For the past couple summers I’ve taught two versions of the same course, though with separate titles and a few tweaks that suggest multiple possibilities for ordering the material we examine. The undergrad version of the course is called Downtown Scenes, 1960-1980. It grew out of a lecture I’ve given several times in the Writing New York course Cyrus and I have taught since 2003. I also used this more specific course — which is a 2-week summer intensive, meeting 4 hours/day for 10 days — to help me prep for writing about Television’s Marquee Moon. The grad version of the course is called Literature in the Age of Warhol. It also focuses primarily on the downtown scene in the 60s and 70s, though in this version Warhol is more pronounced as a defining figure in the era. The first time I taught the undergrad version, Ginsberg emerged as a link between several of our readings. Here are a few links to prior material on the blog, especially about Ginsberg.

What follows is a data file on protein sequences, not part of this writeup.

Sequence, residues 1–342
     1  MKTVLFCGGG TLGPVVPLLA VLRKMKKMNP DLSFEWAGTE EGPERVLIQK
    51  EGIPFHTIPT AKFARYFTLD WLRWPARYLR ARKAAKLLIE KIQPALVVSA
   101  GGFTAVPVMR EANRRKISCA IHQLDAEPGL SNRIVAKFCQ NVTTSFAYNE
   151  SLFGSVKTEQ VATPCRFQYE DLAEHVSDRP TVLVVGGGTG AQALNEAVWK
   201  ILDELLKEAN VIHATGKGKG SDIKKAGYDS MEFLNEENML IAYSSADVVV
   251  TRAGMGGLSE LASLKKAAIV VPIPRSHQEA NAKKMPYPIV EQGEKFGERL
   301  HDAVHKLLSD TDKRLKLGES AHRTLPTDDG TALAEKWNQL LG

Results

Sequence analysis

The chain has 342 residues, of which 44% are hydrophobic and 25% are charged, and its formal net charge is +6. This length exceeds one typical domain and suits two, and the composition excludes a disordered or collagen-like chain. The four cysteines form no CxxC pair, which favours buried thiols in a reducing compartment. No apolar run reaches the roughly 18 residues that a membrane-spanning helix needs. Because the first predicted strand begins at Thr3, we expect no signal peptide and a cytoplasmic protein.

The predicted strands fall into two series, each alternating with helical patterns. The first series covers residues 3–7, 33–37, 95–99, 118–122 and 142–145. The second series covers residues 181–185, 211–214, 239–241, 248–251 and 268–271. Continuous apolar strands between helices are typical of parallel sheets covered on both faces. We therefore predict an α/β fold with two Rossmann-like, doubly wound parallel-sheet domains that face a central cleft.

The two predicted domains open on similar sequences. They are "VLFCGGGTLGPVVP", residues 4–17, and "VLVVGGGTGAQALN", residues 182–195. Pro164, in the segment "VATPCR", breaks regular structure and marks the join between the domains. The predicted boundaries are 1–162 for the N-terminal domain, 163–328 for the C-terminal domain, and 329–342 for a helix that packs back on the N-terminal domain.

So is there something more to be said here about defining these decades variously as an Age of Ginsberg or an Age of Warhol? (For what it’s worth, I think we’re still living in the latter.) Are there other figures you’d suggest had as strong an impact on underground literary and artistic subcultures? I’m just waiting for either one of these fellows to get a cameo on Mad Men.